Stern Gives Out The Longest Suspension Ever
Its something the NBA wants to move past and for the most part, they have. The Malice at the Palace was the single-worst thing to happen to the league. The Pistons and the Pacers lost all control and it forced Stern to lay down the law.
After Ron Artest broke free into the stands and began swinging on fans, Stern acted fast with what his punishment would be. He issued out a season-long suspension, which was the longest in history.
Stern’s Global Impact Is Undeniable
Probably one of the most lasting impacts Stern contributed was making the NBA a global game, but specifically, leading the NBA into the Chinese market. Shipping the VHS tapes was only the first step for him, as the NBA became the first league to open an office in China (and the first to play a game there).
Now, there are dozens of offices and around 800 million people in China watch the NBA annually. The value of bridging the gap between America and China is more than likely worth billions.
There Is No WNBA Without Stern
Stern was a visionary plain and simple. He suggested that women be apart of the 1996 Olympics in basketball and that was how the WNBA began to gain traction. Val Ackerman was the first WNBA president who helped launch the league in 1997 alongside Stern.
“Without his vision and engagement, the league wouldn’t have gotten off the ground,” Ackerman told ESPN after Stern retired in 2014. “He was the mastermind, and the WNBA was really in line with his vision about how sports and society are intertwined.”
Stern Made The NBA SO MUCH MONEY
After decades of making decisions that would only benefit the NBA and having only a few minor hiccups along the way, Stern would end up leaving the league in sensational shape. His career is the epitome of leaving something better off than how you received it.
Jeff Zilgitt of USA Today Sports wrote, “Stern leaves the NBA in fantastic shape: a profitable business generating more than $5.5 billion annually; average player salary of more than $4 million; rising franchise valuations; millions of fans worldwide; and a $1-billion-a-year TV rights deal [that since increased].” If you would have told Stern that would be his doing when he first signed on, he wouldn’t have believed you.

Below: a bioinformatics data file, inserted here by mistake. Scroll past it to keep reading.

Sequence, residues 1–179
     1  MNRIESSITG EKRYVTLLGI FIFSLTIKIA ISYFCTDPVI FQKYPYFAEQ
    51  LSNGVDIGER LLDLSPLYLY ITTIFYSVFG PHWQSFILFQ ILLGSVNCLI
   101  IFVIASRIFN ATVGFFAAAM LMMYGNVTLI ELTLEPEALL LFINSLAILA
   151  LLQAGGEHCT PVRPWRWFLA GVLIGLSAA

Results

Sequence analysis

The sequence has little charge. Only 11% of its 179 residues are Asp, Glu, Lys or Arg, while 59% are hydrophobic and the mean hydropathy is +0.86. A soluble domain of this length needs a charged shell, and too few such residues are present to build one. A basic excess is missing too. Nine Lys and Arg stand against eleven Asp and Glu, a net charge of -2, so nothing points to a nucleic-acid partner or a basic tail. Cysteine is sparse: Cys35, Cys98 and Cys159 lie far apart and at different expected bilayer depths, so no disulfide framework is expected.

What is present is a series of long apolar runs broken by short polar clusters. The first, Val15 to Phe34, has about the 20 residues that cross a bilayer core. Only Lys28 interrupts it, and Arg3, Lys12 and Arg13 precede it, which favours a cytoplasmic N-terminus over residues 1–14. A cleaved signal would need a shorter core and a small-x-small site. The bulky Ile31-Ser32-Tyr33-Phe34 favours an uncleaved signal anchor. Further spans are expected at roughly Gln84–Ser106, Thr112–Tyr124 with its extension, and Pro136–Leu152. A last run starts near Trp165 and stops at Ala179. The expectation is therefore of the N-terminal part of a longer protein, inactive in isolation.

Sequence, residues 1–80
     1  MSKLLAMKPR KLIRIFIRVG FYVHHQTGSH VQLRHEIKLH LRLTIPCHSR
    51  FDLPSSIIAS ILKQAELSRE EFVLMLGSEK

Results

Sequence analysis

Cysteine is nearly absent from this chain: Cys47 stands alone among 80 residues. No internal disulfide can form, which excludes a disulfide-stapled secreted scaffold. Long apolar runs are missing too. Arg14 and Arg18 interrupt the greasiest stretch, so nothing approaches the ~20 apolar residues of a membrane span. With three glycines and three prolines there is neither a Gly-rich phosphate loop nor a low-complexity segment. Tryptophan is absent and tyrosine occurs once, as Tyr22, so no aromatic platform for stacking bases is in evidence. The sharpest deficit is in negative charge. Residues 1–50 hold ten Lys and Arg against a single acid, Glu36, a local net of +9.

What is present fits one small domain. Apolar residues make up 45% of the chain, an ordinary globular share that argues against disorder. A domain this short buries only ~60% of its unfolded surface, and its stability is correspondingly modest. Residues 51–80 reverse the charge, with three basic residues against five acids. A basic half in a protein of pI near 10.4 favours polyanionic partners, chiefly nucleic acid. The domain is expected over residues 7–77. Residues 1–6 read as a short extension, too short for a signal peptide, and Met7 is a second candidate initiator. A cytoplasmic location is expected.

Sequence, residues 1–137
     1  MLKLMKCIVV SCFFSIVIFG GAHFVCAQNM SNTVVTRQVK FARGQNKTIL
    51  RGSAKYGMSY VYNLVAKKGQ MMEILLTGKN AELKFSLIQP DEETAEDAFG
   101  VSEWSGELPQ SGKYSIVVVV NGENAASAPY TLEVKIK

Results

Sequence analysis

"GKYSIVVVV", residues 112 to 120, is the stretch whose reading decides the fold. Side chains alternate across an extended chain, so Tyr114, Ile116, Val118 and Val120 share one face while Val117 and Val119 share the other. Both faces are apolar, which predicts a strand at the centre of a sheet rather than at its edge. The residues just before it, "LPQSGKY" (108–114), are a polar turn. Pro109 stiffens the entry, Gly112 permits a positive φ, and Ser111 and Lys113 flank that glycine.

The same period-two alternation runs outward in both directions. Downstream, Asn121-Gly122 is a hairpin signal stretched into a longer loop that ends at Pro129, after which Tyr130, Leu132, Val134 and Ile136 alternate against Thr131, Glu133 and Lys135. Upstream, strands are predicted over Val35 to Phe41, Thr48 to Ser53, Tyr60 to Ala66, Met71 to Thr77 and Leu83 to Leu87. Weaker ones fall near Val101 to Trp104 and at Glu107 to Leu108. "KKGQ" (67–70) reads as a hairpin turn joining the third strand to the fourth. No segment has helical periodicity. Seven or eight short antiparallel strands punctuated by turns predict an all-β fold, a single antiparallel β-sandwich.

He Retired In 2014
All good things must come to an end and that was the case for Stern as the NBA’s commissioner. Stern would officially give his title to Adam Silver on January 31, 2014, making his tenure last for exactly three decades.
That makes him the longest-running commissioner the league ever had and in the history of American sports. Even after retiring he held the position of commissioner emeritus. Many can say he chose the right person to succeed him, as Silver came into the role and immediately made an impact by banning the former NBA owner, Donald Sterling as his first decision.
A Fatal Emergency
On December 12, 2019, Stern shocked the NBA world when word surfaced that he suffered a brain hemorrhage. The former commissioner was in critical condition and many didn’t know the severity of the case.
“NBA Commissioner Emeritus David Stern suffered a sudden brain hemorrhage earlier today for which he underwent emergency surgery,” the league said in a statement. “Our thoughts and prayers are with David and his family.” It was a hectic time for the NBA family, who keep close.
The Passing Of David Stern
“RIP Mr. David Stern. The best commissioner to ever do it,” Shaquille O’Neal tweeted on January 1, 2020. The passing of the longest-running commissioner shocked many, not only in the sports community but in the world at large.
He passed away at 77 from a brain hemorrhage that forced him into critical condition not long before. He’s survived by his two sons Eric and Andrew and his wife, Dianne. The NBA will never forget all that he did.